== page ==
Covid-19 hospital cases have fallen to their lowest rate since last summer, an expert has said.
Professor Linda Bauld said on Friday that daily hospital cases with the virus had dropped to less than 50, the first time the figure has dropped so low in almost a year.
She also added there were “about 650” people in hospital with the virus, compared to more than 2,000 last month.
“We’ve seen a significant decline in levels of infection in the community,” she told BBC Radio Scotland on Friday.
“The (Office for National Statistics) infection survey will have some results out today that shows another drop.”
She added: “That R number – which nobody is hearing about any more, but is still with us – is well below … it’s between 0.7 and 0.9.”
However, Prof Bauld stressed that the virus had not gone away and the potential for new variants continues.
The Omicron variant, which spread aggressively during the winter, caused a surge in cases.
“We’re not saying that everything’s over because we may see new variants, and we may see surges in infection again, but we do seem to be in a much more stable situation,” she said.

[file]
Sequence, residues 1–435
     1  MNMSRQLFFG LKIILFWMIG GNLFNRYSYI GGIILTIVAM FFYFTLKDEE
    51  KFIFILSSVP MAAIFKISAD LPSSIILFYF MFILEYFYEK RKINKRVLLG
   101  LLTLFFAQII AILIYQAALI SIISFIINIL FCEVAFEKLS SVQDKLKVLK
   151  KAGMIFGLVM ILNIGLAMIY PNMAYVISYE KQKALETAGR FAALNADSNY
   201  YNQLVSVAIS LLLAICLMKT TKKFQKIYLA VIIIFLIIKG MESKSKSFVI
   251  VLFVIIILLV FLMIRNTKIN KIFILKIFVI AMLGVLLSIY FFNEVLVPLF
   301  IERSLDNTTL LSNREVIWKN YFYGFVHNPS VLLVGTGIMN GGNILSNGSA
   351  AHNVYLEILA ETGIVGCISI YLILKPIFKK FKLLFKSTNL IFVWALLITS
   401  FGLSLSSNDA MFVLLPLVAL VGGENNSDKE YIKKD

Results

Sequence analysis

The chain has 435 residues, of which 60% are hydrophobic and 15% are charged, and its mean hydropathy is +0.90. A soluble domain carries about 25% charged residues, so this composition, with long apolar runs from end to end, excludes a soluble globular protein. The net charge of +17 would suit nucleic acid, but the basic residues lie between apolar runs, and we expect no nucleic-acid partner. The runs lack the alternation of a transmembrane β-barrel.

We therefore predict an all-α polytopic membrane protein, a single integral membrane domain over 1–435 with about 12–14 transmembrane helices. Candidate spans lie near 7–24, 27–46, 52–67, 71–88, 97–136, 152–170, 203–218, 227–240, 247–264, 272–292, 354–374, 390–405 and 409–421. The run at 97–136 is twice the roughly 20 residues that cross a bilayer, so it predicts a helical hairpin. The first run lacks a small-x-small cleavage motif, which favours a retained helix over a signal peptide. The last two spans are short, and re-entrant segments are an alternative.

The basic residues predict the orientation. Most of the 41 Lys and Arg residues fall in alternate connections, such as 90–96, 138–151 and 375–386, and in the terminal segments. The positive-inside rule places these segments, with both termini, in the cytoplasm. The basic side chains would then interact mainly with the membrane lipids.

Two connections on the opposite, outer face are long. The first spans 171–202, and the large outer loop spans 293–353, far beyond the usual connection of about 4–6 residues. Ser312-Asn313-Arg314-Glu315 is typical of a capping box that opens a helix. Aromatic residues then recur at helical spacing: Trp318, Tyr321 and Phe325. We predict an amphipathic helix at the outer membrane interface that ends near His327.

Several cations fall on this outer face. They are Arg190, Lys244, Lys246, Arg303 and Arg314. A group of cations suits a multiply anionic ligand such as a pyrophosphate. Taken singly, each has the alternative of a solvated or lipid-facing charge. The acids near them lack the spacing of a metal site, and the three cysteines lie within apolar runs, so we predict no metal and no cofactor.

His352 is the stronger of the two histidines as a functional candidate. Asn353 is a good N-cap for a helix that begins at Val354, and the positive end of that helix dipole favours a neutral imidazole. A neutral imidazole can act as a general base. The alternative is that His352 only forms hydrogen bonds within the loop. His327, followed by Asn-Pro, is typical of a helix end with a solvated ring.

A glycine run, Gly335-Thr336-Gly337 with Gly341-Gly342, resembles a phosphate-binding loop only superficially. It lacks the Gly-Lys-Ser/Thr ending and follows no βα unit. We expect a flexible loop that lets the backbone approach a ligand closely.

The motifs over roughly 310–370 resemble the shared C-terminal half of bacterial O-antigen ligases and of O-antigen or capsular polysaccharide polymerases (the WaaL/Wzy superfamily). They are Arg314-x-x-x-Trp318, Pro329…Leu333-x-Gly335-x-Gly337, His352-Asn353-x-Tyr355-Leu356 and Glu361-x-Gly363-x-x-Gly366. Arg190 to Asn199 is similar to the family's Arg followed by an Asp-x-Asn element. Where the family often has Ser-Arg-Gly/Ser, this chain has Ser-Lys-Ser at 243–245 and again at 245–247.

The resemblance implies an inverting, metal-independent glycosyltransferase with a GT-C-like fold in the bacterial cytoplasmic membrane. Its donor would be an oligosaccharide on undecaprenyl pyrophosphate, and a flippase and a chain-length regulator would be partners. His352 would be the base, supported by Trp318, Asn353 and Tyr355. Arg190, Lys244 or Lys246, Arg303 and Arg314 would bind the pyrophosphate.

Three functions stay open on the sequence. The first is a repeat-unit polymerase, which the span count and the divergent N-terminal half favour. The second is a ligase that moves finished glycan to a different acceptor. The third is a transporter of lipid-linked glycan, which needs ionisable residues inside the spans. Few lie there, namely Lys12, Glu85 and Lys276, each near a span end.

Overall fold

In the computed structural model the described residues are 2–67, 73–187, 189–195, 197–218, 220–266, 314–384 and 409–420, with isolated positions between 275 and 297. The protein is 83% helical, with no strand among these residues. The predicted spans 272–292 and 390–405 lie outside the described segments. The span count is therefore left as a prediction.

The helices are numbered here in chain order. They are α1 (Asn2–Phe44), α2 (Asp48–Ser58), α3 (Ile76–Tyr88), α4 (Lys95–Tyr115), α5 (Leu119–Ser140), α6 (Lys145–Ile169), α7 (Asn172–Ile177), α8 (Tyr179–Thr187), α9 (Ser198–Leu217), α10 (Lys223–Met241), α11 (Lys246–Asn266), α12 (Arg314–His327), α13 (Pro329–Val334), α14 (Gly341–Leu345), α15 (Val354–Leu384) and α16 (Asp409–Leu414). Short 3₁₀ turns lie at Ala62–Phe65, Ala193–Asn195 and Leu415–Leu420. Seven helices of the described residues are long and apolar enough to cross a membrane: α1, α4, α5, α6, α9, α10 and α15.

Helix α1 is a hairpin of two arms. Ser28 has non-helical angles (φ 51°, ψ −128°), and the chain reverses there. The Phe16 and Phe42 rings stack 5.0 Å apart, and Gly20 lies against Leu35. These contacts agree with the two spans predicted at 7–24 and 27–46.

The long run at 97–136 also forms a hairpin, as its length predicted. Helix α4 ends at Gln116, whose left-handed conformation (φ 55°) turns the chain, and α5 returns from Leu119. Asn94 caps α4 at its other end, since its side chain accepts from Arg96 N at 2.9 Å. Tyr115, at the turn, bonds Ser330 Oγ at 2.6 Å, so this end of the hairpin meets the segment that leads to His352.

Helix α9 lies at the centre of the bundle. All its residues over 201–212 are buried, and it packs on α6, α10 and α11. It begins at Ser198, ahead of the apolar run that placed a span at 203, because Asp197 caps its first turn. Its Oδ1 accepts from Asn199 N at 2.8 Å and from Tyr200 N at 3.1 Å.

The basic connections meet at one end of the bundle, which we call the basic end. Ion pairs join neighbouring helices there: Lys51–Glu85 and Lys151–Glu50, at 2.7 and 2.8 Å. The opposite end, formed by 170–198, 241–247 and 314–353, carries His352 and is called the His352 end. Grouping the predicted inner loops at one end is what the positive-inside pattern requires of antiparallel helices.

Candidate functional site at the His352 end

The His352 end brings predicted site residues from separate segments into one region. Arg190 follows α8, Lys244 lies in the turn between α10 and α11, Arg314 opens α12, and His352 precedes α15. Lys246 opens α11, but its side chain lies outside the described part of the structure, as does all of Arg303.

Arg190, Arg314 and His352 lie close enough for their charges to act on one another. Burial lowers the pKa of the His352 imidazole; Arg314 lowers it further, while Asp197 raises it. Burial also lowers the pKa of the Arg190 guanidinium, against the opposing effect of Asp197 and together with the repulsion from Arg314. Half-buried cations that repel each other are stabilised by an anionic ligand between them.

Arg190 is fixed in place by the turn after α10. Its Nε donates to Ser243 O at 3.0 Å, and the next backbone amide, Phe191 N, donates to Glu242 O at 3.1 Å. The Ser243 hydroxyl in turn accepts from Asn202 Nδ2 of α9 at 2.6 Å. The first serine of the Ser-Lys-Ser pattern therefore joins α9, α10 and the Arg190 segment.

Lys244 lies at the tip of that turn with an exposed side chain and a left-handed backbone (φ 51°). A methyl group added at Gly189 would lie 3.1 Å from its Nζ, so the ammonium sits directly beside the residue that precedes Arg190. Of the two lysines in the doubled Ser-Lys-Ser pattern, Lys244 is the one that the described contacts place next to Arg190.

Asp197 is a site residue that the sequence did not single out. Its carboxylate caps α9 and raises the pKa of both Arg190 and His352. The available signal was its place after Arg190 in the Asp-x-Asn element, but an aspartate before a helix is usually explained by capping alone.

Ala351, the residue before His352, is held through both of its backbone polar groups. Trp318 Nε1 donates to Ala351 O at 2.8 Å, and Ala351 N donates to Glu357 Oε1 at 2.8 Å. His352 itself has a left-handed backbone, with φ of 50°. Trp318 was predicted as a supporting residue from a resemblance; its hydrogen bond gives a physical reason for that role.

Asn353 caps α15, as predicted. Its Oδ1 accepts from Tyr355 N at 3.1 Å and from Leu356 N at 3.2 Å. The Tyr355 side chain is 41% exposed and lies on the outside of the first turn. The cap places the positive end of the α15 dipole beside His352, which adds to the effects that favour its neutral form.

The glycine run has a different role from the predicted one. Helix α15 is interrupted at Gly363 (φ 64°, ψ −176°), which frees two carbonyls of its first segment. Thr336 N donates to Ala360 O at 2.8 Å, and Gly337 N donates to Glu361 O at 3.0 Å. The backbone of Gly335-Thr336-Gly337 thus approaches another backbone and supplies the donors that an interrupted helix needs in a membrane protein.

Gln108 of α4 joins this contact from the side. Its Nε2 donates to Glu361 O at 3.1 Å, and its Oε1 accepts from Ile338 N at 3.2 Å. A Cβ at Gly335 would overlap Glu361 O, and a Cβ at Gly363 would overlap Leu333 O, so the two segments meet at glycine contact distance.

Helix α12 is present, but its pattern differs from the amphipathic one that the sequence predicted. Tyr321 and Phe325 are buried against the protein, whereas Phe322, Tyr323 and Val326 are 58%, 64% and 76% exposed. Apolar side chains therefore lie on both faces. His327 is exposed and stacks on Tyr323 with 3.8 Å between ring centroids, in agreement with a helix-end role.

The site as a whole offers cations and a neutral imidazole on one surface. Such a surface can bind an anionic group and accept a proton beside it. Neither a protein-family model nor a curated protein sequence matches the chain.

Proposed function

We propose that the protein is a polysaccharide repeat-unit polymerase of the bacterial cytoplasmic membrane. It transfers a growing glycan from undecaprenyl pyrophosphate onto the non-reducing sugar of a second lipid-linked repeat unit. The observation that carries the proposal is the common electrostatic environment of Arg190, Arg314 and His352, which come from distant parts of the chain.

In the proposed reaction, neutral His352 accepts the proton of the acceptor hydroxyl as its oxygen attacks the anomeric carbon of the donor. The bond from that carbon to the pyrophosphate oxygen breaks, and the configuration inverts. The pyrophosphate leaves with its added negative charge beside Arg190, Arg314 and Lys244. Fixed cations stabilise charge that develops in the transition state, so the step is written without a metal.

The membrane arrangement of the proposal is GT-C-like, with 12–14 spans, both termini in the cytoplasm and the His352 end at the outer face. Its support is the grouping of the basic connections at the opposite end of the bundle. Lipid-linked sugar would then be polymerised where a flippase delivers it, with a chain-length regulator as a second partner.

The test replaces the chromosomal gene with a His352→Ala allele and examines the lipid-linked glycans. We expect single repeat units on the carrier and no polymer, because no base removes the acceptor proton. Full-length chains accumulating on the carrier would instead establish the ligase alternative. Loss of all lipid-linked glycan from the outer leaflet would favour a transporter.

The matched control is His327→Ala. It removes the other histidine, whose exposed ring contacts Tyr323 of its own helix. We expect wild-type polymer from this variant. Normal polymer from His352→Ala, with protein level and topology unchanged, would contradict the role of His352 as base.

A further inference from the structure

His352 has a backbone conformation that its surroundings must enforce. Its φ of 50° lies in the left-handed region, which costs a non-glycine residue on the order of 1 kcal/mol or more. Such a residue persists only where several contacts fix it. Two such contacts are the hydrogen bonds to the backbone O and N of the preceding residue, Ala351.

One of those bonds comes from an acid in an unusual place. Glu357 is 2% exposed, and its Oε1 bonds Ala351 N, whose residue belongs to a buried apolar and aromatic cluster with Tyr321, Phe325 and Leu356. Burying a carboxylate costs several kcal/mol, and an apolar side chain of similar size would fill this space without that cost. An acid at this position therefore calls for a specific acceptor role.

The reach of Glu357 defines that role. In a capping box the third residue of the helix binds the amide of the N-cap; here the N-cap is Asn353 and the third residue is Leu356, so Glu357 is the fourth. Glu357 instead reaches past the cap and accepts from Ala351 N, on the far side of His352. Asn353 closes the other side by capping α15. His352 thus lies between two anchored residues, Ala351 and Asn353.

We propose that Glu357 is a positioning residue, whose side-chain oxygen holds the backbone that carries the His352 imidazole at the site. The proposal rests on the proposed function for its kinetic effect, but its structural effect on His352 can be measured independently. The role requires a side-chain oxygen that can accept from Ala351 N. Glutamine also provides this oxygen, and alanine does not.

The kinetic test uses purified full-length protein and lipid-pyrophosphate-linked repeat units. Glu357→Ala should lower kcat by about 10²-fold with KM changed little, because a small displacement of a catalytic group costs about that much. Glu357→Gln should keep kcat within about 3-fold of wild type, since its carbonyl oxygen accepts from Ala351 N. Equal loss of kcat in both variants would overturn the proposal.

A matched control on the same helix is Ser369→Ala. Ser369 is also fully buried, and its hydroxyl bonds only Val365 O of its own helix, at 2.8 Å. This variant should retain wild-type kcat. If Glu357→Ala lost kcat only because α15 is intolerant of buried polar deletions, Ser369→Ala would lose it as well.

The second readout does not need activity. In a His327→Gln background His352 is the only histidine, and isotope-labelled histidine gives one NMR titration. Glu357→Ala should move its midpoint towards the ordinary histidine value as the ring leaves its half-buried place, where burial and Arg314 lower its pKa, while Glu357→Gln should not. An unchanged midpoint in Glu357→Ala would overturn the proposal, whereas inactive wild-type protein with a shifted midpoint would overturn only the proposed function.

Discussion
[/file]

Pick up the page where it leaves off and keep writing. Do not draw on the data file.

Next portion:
When asked if holidays during the summer could change the Covid-19 landscape in Scotland, Prof Bauld said that travel was “less of a concern than it was”.
On Friday, the ONS infection survey estimated one in 40 people in Scotland had Covid-19 in the week up to May 21, equating to 135,400 people or 2.57% of the population.
The figure rose slightly from the previous week, where one in 45 were estimated to have the virus, the equivalent of 122,200 people or 2.32% of the population.
Meanwhile, the Scottish Government adviser said “the risk to the general public is low” from monkeypox, after it was announced on Thursday that three cases have been recorded in Scotland.